Toshiba Encore 2 WT10-A



Processor: Quad-core 1.33GHz Intel Atom Z3735F,Screen size: 10.1in, Screen resolution: 1,280×800, Rear camera: 5 megapixels,Storage: 32GB, Wireless data: None, Size: 258.9x9x175mm, Weight: 550g, Operating system: Windows 8.1

The Toshiba Encore 2 WT10-A is a 10in tablet running Windows 8.1 at a competitive price. There’s also an 8-inch version of the tablet available for around £170, but those wanting to use their Windows tablet for work will most likely appreciate the extra space.

Those few extra inches will certainly make a big difference for anyone looking to be productive on the road and, usefully, the 10.1in Encore 2 comes with a year’s subscription to Office 365 Personal. This gives you a licence to use the software on the tablet, on a smartphone and on a PC or Mac, making it great value. Be sure to activate your Office 365 subscription within six months of activating your Windows 8.1 license otherwise you’ll miss out.

It’s unlikely you’ll want to write your magnum opus or edit spreadsheets using the onscreen keyboard, and the tablet has no USB ports for a keyboard and mouse, so you’ll want to use a Bluetooth set. You’ll also likely need a suitable stand such as Toshiba’s own Stand Case (PX1875E-1NCA, £29) to prop up the tablet for comfortable viewing as you work.

The Toshiba Encore 2 isn’t the most exciting tablet to look at, with a slightly utilitarian design. However, it feels well-made, if a bit chunky and heavy, and rather unwieldy to hold one-handed. At 550g, the Encore 2 is very much a tablet you’ll need two hands to use. Its chassis is made from a lot of hard plastic that feels slightly cheap but reassuringly doesn’t have any flex.

There’s a microSD slot for expanding the tablet’s built-in 32GB of storage. There’s also a Micro HDMI output for connecting to an external display; this might come in useful if you want to watch a film on a television or connect a monitor for working. There’s a pair of stereo speakers on the tablet’s sides, but their audio isn’t anything to shout about.


The Encore 2 comes loaded with Windows 8.1 with Bing. This is a version of the operating system that Microsoft offers to manufacturers for a reduced cost as long as its Bing search engine is set as the default in Internet Explorer. Microsoft is banking on most consumers not bothering to change search providers, but it’s easy enough to do so if you prefer the likes of Google or Yahoo.


Processing power comes from an Intel Atom Z3735F chip running at 1.33GHz. It can also burst to 1.83GHz for a short-term performance increase when temperatures allow. This is one of Intel’s quad-core “Bay Trail” processors, and it showed strong performance in our standard Windows application benchmarks, managing an overall score of 19. This rivals and in fact exceeds even some budget laptops’ scores. With 2GB of RAM, the 10.1in Encore 2 is better equipped for multitasking than the 8in equivalent with its paltry 1GB.

In our SunSpider JavaScript benchmark, the Encore 2 produced a score of 489ms, which is about average for a Windows-based tablet, and higher than we see from most Android slates. In our subjective tests, the Encore 2 certainly handled Windows 8.1 smoothly, and the gestures for pinning apps side-by-side and multitasking felt smooth and responsive. Apps from the Windows Store also loaded up quickly and the tablet boots in little time.

The Toshiba Encore 2 also showed reasonable 3D performance in our benchmarks. In our 3DMark test the tablet managed a score of 8,917 in Ice Storm Extreme and 10,326 in Ice Storm Unlimited. The tablet will therefore cope well with Windows Store games such as Halo Spartan Assault or Asphalt 8. However, you shouldn’t expect but don’t expect to play any Windows titles not adapted specifically for tablets on a touchscreen The catalogue of games on the Windows Store isn’t as diverse as on iOS or Android either. However, although the tablet couldn’t cope with the intro video to Blizzard’s card-collecting favourite Hearthstone, the game played fine and is optimised for touchscreen devices.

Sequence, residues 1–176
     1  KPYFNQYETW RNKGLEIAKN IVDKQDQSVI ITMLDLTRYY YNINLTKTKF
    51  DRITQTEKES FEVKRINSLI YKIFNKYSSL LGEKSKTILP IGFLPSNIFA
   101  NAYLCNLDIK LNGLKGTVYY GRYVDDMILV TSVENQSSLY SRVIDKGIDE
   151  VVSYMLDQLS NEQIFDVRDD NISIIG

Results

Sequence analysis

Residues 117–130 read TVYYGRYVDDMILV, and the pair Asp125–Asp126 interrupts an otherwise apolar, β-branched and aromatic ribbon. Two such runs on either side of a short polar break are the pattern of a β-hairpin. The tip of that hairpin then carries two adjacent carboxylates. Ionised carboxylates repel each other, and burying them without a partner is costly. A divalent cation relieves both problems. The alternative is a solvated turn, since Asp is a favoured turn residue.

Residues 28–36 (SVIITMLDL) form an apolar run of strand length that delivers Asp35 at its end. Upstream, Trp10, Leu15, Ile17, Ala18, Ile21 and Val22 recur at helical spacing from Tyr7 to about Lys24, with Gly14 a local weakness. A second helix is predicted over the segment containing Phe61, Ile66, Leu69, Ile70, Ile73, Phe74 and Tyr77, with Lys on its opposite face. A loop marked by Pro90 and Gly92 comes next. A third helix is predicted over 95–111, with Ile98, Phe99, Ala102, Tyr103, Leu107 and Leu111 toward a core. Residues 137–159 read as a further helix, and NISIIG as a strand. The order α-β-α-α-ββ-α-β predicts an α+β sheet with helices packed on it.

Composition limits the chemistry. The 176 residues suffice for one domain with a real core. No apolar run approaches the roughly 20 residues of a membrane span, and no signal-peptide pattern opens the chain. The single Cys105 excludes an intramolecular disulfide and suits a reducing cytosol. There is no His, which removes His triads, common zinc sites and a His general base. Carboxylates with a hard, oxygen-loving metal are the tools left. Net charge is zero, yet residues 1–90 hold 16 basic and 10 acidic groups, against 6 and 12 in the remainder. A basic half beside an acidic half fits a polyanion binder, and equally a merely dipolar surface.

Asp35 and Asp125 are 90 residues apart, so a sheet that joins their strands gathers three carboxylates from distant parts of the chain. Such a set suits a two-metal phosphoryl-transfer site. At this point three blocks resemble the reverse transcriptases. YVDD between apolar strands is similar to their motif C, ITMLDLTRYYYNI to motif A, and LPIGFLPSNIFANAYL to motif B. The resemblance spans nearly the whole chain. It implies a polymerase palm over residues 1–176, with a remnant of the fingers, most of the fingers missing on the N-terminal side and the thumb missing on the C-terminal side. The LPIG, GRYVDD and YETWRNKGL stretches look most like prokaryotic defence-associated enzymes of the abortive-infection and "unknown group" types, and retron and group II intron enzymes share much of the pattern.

The tablet’s 10.1in display isn’t anything special. Its 1,280×800 resolution is typical of low-cost 8in Windows tablets but as the pixels are this time stretched across a larger display the pixel density suffers; 149ppi makes for some fairly blocky text. The display appears slightly grainy and has a subtle blue colour cast, making images appear colder than they should. Our calibrator showed that the display could only display 63.9% of the sRGB colour gamut, which is below average. Its black levels were better at 0.34cd/m2, but an overall contrast ratio of 891:1 is nothing to shout about.


There’s a 1.2-megapixel front-facing camera that will be useful for video calls, and a 5-megapixel camera on the back. In outdoor test shots the camera’s performance was surprisingly respectable, showing decent sharpness and colour accuracy; the camera managed to expose the scene correctly and maintained plenty of highlight detail with minimal noise in the shadows. The 10.1in size makes the Encore 2 a somewhat unwieldy camera, but it does a good job if you have nothing else to hand. The display was sufficiently bright enough to be seen outdoors, and made for a large viewfinder.


The Toshiba Encore 2 WT10-A is a very respectable 10.1in Windows 8.1 tablet. It has strong performance, so you’ll get away with running desktop Windows applications as well as tablet apps from the Windows Store. The display isn’t the best we’ve seen, but the tablet’s camera is surprisingly good. If you factor in the year’s subscription for Office 365 Personal, it becomes even better value. If you’re looking for a more elegant Windows tablet-cum-laptop, however, the Schenker Element (Shopper 320) with its keyboard case is a great alternative.

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